On November 18th, Gueringer the 13th dropped his most personal album to date called Clifford. After many projects already under his belt, the young emcee finally opens up on his life with Clifford. Through each track, he touches on his journey and its influences on him as a man today. Amidst the obstacles he has faced through his upbringing, here’s a guy who shines outwardly with optimism. He’s nowhere close to being done and today, you can learn a little bit more about Gueringer the 13th.
Who is Gueringer the 13th?
Gueringer The 13th is the PMI (Pontiac, MI). Just a kid from hood who grew up wanting more than what was given. Knowing that it’s a whole world as my playground, refused to be another statistic.
You started rapping at an early age. Care to share what your friend said that jumpstarted this journey?
My best friend Jamal; shout outs to my brother Mal. He helped me write my first song; my first. We were in the 5th grade. We use to get girls off of it. We thought we were the shit as kids. He was writing raps. I was writing poems and drawing then saw him write a song. The rest was history.
Your rapping style is distinct. Where do you draw your inspiration and creativity for the sound?
I use to have a set of rappers I drew inspiration from but in recent years it’s just been life.
You’ve spent your life in Detroit, Pontiac and Houston. Describe your experiences and how each place has influenced your music.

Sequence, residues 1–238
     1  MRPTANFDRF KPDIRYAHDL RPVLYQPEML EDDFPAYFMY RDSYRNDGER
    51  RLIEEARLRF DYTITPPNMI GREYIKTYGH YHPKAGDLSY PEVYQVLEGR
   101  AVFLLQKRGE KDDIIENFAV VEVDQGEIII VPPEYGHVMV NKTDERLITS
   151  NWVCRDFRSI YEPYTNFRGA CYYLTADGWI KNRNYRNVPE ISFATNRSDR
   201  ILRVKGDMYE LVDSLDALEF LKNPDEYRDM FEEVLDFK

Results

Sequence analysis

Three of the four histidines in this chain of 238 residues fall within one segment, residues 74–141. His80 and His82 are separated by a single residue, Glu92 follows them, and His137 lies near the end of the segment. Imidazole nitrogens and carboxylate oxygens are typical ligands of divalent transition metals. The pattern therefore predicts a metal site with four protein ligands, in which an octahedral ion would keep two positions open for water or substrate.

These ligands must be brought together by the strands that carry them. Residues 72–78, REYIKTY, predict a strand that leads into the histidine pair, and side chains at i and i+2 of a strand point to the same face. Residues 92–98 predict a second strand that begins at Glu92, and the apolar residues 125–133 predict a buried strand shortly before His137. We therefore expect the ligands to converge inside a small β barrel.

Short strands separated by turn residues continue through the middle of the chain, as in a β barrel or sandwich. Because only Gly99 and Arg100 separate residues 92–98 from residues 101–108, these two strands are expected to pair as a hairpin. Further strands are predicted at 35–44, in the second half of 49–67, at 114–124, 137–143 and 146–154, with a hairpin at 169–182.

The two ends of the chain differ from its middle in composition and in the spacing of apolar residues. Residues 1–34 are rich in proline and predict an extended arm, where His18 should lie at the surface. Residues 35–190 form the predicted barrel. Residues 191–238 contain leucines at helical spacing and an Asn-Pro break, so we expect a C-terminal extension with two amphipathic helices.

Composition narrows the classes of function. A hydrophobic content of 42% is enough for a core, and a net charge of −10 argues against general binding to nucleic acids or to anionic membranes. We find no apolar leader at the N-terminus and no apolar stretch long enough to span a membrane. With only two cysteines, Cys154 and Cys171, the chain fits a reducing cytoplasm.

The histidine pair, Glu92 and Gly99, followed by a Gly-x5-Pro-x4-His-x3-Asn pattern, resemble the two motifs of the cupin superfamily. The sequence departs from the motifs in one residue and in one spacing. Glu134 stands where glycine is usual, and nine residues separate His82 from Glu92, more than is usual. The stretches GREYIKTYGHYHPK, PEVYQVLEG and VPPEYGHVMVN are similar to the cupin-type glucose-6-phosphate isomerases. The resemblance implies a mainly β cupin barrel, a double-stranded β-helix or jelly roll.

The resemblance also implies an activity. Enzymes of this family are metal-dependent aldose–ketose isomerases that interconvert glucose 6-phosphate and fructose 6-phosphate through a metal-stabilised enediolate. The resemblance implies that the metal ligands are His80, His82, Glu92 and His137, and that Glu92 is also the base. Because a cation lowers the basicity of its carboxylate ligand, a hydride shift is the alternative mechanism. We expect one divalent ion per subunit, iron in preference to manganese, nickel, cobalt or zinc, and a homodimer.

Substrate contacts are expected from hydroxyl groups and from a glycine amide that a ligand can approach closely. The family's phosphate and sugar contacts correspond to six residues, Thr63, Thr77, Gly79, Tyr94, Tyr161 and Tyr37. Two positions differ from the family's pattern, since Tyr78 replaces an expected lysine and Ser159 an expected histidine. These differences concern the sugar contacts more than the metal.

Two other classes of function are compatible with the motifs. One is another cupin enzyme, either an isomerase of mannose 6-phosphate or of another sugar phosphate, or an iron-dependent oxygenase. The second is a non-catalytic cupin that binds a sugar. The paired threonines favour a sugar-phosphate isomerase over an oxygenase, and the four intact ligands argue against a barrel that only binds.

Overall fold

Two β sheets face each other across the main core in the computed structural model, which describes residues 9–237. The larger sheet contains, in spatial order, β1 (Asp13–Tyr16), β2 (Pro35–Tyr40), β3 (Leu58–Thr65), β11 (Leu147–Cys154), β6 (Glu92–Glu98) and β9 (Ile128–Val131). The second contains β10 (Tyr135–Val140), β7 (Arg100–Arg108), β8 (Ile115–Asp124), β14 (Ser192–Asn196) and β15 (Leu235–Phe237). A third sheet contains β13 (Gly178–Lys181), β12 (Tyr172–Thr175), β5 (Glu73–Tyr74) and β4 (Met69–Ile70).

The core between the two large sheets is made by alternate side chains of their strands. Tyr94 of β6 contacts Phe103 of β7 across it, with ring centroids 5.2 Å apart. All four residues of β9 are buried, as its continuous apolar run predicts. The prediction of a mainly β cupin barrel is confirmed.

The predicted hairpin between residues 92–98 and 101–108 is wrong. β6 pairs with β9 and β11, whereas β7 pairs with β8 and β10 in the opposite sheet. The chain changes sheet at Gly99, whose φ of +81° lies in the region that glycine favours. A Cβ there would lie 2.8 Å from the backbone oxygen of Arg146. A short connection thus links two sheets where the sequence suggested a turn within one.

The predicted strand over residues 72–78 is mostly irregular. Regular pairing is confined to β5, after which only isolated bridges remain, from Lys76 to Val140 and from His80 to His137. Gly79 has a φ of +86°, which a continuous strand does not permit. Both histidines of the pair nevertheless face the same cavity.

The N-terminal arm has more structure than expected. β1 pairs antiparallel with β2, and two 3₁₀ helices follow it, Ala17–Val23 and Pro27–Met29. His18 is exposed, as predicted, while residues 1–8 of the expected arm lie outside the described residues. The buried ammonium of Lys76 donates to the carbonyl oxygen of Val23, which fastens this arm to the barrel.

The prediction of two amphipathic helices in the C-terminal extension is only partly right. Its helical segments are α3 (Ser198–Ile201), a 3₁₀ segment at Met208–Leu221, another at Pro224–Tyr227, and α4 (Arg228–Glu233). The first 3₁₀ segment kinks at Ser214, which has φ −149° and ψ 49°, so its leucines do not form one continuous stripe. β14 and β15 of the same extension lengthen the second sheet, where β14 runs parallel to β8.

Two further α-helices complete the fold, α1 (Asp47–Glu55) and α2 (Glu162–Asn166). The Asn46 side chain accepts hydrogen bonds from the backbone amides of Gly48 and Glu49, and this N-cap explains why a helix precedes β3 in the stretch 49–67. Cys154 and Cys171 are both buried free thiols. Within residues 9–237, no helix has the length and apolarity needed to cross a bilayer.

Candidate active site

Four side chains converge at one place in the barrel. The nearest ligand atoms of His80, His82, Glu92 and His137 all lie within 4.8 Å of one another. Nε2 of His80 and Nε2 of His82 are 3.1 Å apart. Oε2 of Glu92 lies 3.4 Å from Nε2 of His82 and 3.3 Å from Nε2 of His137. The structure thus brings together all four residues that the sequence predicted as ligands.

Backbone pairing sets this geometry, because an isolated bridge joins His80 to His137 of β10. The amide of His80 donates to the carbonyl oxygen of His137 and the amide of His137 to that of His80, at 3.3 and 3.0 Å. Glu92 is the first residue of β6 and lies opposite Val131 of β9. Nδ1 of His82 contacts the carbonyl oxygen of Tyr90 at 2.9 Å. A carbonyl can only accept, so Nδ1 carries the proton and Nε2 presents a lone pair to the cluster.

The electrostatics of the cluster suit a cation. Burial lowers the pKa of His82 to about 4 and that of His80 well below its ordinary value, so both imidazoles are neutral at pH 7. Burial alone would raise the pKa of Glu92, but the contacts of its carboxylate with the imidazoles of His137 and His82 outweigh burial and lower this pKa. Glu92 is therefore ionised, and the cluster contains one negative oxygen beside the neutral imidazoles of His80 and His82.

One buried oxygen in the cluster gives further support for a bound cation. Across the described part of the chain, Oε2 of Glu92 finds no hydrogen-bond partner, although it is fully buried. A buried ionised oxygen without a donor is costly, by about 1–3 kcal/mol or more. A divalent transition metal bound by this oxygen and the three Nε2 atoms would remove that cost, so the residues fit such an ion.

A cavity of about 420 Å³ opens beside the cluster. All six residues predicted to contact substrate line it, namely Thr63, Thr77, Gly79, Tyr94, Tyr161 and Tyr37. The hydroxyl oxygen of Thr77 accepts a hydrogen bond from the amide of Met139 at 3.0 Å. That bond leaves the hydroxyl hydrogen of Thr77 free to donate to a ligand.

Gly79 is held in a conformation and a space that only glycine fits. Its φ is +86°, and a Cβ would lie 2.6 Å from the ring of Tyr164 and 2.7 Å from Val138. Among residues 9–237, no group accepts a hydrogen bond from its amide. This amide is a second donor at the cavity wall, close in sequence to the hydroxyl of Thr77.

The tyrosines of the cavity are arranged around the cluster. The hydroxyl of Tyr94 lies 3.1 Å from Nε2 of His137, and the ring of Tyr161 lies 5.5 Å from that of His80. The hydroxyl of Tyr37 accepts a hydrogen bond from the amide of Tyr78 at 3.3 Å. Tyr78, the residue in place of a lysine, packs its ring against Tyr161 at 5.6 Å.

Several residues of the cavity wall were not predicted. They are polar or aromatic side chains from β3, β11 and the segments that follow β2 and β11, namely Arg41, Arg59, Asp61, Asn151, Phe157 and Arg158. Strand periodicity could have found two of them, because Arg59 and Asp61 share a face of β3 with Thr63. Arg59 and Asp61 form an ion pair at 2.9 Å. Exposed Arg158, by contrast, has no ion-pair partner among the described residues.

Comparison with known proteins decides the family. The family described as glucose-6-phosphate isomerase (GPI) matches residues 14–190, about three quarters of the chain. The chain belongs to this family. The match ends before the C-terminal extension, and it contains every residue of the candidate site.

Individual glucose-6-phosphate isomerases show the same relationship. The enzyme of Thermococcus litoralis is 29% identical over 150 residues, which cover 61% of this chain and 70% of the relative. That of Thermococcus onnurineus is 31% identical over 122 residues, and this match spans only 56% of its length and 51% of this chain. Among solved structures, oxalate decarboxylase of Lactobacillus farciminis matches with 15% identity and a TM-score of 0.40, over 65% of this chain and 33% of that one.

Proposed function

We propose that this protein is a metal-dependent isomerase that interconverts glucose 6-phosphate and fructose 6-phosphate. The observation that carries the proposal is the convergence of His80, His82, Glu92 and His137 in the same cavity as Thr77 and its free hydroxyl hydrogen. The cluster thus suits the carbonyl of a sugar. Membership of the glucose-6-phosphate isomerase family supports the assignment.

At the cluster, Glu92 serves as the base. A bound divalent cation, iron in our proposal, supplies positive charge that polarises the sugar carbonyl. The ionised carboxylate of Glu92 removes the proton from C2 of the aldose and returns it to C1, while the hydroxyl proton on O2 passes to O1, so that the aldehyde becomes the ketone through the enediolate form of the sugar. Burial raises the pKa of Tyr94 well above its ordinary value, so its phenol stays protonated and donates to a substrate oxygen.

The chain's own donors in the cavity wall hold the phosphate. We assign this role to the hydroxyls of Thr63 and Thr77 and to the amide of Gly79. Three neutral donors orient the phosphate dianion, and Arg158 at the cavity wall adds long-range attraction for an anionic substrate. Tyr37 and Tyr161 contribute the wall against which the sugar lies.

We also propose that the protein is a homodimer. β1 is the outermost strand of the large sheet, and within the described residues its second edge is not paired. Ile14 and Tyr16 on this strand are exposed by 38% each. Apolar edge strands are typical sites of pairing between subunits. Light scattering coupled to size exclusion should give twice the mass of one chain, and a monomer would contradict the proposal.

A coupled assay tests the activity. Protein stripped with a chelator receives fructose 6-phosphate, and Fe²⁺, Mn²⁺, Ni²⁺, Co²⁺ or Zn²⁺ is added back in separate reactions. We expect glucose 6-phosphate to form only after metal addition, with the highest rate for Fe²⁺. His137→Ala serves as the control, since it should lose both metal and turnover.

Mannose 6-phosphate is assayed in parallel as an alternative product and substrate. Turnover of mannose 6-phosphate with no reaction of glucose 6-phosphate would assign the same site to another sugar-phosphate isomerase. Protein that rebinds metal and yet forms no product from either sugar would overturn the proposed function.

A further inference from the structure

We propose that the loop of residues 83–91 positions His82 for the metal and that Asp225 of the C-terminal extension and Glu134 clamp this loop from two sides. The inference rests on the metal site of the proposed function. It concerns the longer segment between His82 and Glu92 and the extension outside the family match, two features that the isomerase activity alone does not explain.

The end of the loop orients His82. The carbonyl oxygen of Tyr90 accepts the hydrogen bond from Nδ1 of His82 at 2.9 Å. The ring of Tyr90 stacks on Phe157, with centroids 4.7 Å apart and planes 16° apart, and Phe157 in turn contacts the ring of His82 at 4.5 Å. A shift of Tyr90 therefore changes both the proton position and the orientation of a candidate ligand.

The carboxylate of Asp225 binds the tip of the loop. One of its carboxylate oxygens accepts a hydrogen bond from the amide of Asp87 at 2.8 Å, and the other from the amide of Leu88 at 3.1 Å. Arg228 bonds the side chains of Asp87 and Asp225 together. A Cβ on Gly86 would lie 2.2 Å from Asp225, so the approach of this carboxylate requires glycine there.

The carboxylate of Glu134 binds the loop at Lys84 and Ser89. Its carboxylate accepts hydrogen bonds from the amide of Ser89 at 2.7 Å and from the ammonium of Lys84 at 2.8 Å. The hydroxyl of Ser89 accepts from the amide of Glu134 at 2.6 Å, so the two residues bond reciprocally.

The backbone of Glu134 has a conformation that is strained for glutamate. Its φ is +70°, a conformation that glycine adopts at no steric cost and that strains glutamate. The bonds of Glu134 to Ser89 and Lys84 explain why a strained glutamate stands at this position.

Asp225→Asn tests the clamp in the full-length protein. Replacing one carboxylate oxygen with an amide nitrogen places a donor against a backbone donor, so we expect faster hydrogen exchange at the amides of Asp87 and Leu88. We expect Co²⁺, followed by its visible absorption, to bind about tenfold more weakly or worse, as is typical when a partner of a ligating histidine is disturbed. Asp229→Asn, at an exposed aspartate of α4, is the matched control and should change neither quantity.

So I was born in Detroit 7 mile [and] Biltmore. My dad use to own this house there and my parents were married. They still are by the way but separated when I was a kid. I was suppose to have the perfect childhood but they split and my mom moved back to my grandparents house in ’94. That’s where the album starts. I spent most of my time in Pontiac where I learned a lot. It’s really a smaller Detroit. The difference is that it’s small so it’s more competitive, dangerous, hate, etc. Everybody knows everybody and have something to prove. I would visit Detroit frequently for my dad where it was like boot camp. From the age 6-16, he would teach me how to be a man, manners, cooking, working, defending myself. I remember walking around with knife sharpeners and guns as a kid. My dad was/is crazy. I spent 4 years in Houston, TX. I feel like that’s what helped mold me to be different, because I was 16. It left a great impression on me and taught me a lot while I was there. I probably would be in jail or dead if I never moved to Houston.
What is the Chiefy Tribe?
Chiefy Tribe is a group that anybody can be a part of. I named it Chiefy Tribe because Pontiac is the name of an Indian chief. The tribe part is just every and anybody who’s down. I wanted my brand to incorporate my city, but also be able to reach others. So if you’re down with Chiefy Tribe you’re a part of a group of individuals who are leaders.
Why should should I join the Tribe?
What else are you going to do? You’re sitting on the couch on social media and your life is passing you by.
How does Clifford differ from the other projects in the past?
Clifford differs from my other projects because of how intimate it is. I’ve done a lot of music that I’m proud of but I’ve never went this personal. As I get older I realize personal is better.
Where do you see yourself in 5 years at age 30?
In 5 years, I see myself traveling the world on tour, rebuilding my community, and probably running for mayor [laughs] that’a be sweet. I just want to make sure my family and friends are taken care of and creating opportunity for my city to become bigger. Whenever I blow in this rap game, I know there will be somebody who can be better than me or bigger than me. That’s good and I want that. I also know if they’re coming from where I’m from, the chances of making it is low. I want to create those chances.
“Boss up and get this money.” -Blade Icewood
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